Sunday, 6 July 2014
When life gives you courgettes - make ratatouille
When I came home from holiday, I found two bad boys waiting for me in the fridge. And by that I mean two humongous courgettes. What else is a girl to do than make ratatouille? Also, eating a bit lighter is a great idea after my one week of all inclusive all day buffet holiday... We had hardly finished breakfast (you know, just a bit of scrambled eggs and bacon, maybe a fried egg as well, followed by a round of croissants and finished off with some donuts, slices of pineapple and watermelon) when it was lunchtime (although I admit we didn't make it to lunch every day as we were still digesting breakfast). And then came dinnertime with a full buffet of salads, cold cut meats, grilled fish and meats with all sorts of sides you could imagine, maybe a bit of pizza on the side, then the light round of cheese and crackers followed by dessert of fruits and small cakes and maybe to finish, you know just to cool off a bit, some chocolate ice cream with chocolate syrup and sprinkles). All this to keep us fuelled for a busy day of lying on the beach, reading a book or maybe even walking along the beach with our toes in the wet sand. But that is all over now. So hence the need for a bit of ratatouille. And what could be better now that the garden is starting to produce some ratatouille ingredients. Looking at the number of courgette plants, I better start coming up with some more recipes soon.
Apparently the secret to a good ratatouille (according to Delia, and who am I to argue) is that your veggies need to be chopped into large enough chunks so they don't turn into mush when cooking, but retain their shape. I loosely used Delia's ratatouille recipe as a rough guide, although I did make some alterations, and used whatever veggies I happened to have around. This makes quite a big batch, so we had some for dinner, I popped a bit in the freezer and took some with me to work for lunch.
InvisiblePinkRatatouille (serves 4-6):
1 large courgette
2 medium aubergines
13 medium tomatoes (because that's what I happened to have in the fridge)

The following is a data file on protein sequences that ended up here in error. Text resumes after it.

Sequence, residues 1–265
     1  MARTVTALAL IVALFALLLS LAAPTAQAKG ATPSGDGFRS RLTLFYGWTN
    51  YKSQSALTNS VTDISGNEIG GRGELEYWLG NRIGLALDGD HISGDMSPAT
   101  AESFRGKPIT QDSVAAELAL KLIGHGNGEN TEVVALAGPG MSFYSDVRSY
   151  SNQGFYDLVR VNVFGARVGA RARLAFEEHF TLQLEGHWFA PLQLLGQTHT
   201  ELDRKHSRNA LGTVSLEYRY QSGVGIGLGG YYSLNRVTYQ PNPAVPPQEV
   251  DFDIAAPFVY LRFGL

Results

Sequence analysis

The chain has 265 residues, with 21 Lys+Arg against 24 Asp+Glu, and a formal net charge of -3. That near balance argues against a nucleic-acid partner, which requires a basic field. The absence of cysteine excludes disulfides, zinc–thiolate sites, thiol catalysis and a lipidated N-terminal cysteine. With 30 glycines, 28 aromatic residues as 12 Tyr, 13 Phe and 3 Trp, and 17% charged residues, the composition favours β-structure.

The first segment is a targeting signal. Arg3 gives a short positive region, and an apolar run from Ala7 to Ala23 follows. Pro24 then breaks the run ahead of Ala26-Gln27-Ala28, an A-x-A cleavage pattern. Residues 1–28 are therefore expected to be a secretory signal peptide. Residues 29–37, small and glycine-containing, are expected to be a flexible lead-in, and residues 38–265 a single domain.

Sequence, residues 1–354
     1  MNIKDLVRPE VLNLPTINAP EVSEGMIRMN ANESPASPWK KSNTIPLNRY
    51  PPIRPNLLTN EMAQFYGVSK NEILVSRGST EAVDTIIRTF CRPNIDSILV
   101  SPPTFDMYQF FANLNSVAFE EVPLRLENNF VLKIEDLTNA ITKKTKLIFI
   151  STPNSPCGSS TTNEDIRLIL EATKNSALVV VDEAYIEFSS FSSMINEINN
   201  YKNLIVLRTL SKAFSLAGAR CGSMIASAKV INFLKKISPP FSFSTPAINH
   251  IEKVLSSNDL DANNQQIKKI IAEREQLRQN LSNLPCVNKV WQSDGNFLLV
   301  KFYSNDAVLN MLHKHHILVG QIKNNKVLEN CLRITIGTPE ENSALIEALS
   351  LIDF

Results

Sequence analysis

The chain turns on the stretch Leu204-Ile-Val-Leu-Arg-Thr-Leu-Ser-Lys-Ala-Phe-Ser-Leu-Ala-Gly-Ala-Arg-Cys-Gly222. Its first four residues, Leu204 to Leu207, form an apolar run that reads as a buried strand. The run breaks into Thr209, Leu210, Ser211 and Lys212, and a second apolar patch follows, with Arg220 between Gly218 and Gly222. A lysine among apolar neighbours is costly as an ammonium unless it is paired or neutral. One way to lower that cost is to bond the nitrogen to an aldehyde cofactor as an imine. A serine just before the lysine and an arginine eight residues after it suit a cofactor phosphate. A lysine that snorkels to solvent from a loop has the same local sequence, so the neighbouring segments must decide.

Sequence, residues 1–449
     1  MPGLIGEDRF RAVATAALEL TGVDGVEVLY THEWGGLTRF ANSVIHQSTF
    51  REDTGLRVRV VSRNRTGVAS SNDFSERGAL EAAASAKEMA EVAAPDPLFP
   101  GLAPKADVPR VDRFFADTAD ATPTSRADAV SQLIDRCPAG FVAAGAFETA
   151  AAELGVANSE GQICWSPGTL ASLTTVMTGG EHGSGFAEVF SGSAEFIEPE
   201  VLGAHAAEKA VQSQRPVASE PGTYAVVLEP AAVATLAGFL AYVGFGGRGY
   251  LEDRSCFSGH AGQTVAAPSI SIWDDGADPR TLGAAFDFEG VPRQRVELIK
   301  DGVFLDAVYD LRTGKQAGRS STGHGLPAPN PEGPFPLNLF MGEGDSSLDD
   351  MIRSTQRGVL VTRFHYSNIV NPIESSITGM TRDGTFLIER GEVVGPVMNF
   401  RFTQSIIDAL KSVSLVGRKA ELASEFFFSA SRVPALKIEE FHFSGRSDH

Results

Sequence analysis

2 cloves of garlic
1 red pepper
1 yellow pepper
2 tbsp olive oil
salt and pepper
fresh thyme and basil
3 tbsp tomato puree
Roughly cut your courgette and aubergines into large chunks, place into a colander, sprinkle generously with salt, and mix. Weigh them down with a few plates or something else appropriate and leave for an hour or two to drain. This will remove the bitter taste from the aubergines, and also remove liquid to keep the ratatouille from becoming soggy. In the meanwhile, peel the skins of the tomatoes. This is easiest if you score a little cross on the bottom of the tomato with a sharp knife, then dip the tomato in cooking water for about 30 seconds or so, and then submerge in ice cold water. You can then easily peel off the skin. Remove the tomato seeds, and cut the tomato flesh into rough chunks (I cut them in half, removed the seeds and left them that size). Also, roughly chop your onions into chunks, as well as the peppers. Finely chop the garlic.
When the courgettes and aubergines have drained, rinse off the salt in cold water, and pat them dry with a clean towel or kitchen roll. Heat the olive oil in a large saucepan to medium heat and add the onions. Cook the onion until starting to soften. Then add the chopped garlic and cook for another minute or so. Add the courgettes and aubergines along with chopped thyme and basil (I just eyeballed it, but I think I used about 2 tbsp of fresh finely chopped basil ann 1 tbsp fresh thyme leaves) with a bit of salt and pepper. Let cook for about 10 minutes. Add the red peppers and tomatoes, add the tomato puree, give it a good stir and let cook for another 10-15 minutes. The veggies should not be mushy, but keep their colour and shape, and the cooking time will depend on the size of your veggie chunks. Taste and adjust salt and pepper. I rarely use salt in my food, but here I think it helps bring out the flavour of the veg. Serve as a side with meat, or as a veggie main on it's own.
I know ratatouille purists will say you shouldn't put tomato puree in it, and I'm not sure if these are the correct proportions of ingredients. But it turned out really nice, and it was even better the next day. I used quite a bit of thyme, so if you are not a huge fan, just reduce the amount a bit. I know some ratatouille recipes add sugar, but I don't think it was needed. This is such a simple, healthy and beautifully colourful food, and you can adjust it to include/exclude whichever veggies you like/have in the garden.